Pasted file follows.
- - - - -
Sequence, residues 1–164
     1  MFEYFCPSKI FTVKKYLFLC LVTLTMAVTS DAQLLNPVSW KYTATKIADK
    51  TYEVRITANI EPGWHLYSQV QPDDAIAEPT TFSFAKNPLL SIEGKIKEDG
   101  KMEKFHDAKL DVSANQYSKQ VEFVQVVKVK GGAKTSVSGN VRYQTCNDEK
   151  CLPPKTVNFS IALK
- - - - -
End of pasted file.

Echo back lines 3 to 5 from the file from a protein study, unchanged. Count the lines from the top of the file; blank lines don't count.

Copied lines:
    51  TYEVRITANI EPGWHLYSQV QPDDAIAEPT TFSFAKNPLL SIEGKIKEDG
   101  KMEKFHDAKL DVSANQYSKQ VEFVQVVKVK GGAKTSVSGN VRYQTCNDEK
   151  CLPPKTVNFS IALK